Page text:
It would also be interesting to have detaailed hospital data from French-speaking African countries. Do they corroborate the statements from the health authorities?

One can also wonder about the number of reported deaths. The percentage of deaths is around 2%, a lower figure than in the rest of the world (6%). It is low in Senegal (only 9) and even in Cameroon (64). In Africa as a whole, there were 40,575 confirmed cases on May 4, including 25,492 patients still hospitalised with 1692 deaths (3). Between May 4 and 7, the number of deaths varied little, 13 in Senegal and 108 in Cameroon.

While seems like good news, how is it that there are fewer cases in Africa when total lockdown except for essential activities is impossible? Cameroon has left its bars and restaurants open until 6pm and only gatherings of more than 50 people are prohibited. Wearing a mask has been compulsory since April 13. In Dakar, there is a curfew but the markets have remained open as usual... The population genetic hypothesis is ruled out: we have already stressed that Blacks are impacted like other populations or even more affected (see statistics of the epidemic in the USA).

What to think?

  • The main bias would be insufficient screening due to a lack of declarations:
    • because of a lack of medical personnel or health workers in the hinterland,
    • for lack of diagnostic tests, accessibility, reliability,
    • due to public reluctance,
    • if all the actual data is not disclosed (unlikely in our opinion even though social networks can sometimes evoke it).
  • Demographic data are important to consider and certainly play a role: the African population is much younger (65% would be less than 30 years old) and life expectancy at birth is barely above 62 years in Black Africa (63, 20 in Senegal, 62, 30 in Cameroon) while it is around 82 years in Europe (82.20 in France); however, this figure also depends on the higher infant mortality in Africa (2). Is the youthfulness of the population the only factor?

  • A climatic influence? This is a well-known fact in the epidemiology of other respiratory viruses. But the evidence is contradictory in a review of scientific studies (3), and this does not allow us to hope for an improvement with summer heat in Western countries, and therefore in hot intertropical climates.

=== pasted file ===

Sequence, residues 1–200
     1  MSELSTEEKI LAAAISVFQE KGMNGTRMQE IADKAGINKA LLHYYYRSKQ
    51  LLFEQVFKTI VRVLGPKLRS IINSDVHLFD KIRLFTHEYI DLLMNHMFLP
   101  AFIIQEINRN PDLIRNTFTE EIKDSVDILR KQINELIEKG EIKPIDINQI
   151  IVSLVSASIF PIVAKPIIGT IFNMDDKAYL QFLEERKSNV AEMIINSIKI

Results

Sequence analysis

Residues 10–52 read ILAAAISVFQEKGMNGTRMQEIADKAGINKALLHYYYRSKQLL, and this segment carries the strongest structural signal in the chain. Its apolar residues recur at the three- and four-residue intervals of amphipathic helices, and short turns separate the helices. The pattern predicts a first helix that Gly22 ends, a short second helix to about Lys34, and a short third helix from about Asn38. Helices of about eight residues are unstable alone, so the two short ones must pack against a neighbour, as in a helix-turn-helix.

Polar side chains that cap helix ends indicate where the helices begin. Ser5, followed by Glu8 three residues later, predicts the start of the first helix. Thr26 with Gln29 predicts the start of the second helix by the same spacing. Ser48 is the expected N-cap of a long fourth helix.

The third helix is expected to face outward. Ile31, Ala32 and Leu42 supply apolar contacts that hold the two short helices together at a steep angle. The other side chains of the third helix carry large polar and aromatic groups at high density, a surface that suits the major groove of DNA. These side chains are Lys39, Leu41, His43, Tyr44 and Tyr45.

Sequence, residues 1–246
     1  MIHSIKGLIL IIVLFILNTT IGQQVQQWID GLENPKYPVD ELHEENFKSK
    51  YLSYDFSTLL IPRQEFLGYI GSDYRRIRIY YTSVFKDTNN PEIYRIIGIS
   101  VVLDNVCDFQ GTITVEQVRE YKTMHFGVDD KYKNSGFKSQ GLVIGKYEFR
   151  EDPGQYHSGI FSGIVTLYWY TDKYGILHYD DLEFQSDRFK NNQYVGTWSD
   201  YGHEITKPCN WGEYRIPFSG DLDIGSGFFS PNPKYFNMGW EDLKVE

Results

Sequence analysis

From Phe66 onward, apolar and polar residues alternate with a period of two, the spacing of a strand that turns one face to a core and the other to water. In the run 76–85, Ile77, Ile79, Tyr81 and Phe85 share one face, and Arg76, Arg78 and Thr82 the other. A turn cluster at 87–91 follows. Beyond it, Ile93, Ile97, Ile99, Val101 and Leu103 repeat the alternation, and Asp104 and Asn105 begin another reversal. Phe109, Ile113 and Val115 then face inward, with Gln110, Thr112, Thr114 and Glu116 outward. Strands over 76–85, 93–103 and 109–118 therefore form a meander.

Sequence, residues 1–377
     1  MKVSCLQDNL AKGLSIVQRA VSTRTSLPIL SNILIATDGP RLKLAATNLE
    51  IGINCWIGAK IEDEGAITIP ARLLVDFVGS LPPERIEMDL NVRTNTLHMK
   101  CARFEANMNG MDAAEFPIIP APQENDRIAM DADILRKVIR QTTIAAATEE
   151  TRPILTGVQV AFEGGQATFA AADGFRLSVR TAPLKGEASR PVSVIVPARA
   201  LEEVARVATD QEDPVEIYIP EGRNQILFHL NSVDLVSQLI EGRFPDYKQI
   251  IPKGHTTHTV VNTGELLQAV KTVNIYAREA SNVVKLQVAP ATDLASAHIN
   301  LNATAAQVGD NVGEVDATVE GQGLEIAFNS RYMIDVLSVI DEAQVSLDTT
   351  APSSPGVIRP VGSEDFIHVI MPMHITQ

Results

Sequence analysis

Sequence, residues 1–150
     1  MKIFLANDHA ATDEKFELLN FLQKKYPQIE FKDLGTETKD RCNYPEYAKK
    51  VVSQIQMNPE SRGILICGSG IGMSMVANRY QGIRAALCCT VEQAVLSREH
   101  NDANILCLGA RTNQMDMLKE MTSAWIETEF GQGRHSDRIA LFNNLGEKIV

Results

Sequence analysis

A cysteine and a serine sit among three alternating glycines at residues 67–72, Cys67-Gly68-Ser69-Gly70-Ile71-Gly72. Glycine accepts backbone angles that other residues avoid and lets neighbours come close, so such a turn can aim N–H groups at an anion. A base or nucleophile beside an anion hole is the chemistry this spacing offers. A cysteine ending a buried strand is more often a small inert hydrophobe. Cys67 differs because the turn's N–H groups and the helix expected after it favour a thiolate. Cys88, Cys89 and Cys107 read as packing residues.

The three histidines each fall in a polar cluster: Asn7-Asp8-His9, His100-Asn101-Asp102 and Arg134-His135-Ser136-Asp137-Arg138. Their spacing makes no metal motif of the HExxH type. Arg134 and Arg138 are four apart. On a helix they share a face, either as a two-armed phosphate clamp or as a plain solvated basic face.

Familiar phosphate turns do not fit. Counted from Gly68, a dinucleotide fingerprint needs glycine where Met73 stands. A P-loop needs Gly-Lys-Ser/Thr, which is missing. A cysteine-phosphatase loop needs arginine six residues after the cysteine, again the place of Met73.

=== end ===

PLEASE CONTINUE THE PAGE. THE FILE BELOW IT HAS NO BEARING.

• Does the prevalence of infectious diseases specific to these same hot countries, particularly the high incidence of malaria among the African population, represent a reduction in the risk of epidemics? The discussion remains open, and also on the possible influence of traditional treatments and chloroquine. These are widely used therapies. Our group is currently analysing them.

 
  • A reasonable hope: every epidemic has a natural cycle. It will soon be known whether the peak is found to be low in African countries, which would confirm our favourable impression. Indeed, an epidemic most often loses its transmissibility and virulence as it spreads. For this pandemic, it is known that SARS-Cov-2 is undergoing mutations but so far without changing its pathogenic behaviour. Unknowns therefore persist and this calls for caution. At what point can the pandemic completely disappear at global level? Let us dare to use a metaphor of hope: will Africa be its "elephants graveyard?". 
  • But there is a risk linked to the characteristics of certain epidemics such as influenza: there may be seasonality. Some experts fear a return to Europe in autumn or winter.

This type of critical situation could only be resolved by the creation and availability (non-commercial...) of an effective vaccine. So this hope must be tempered.

The worst-case scenario of an uncontrollable pandemic in large cities and in the hinterland seems to be a possibility that can be ruled out in the light of developments. A choice must be made between caution and confidence. What is to be done? After several weeks of alert, some African countries are considering the gradual lifting of certain preventative measures following a favourable assessment of the epidemiological indicators in their possession. There may be a transitory rebound. This early decision is not approved by the WHO, which also calls for maintaining strong control measures to fight the spread of the new coronavirus on the continent (4). We have already mentioned the impossibility of the strongest measures (total lockdown).

In conclusion: prudent optimism.

Propos colligés par Jacques Barrier (France) Professeur émérite Université de Nantes (France) ancien Président du Conseil pédagogique de la CIDMEF, ancien président de la Fédération des Spécialités Médicales (France)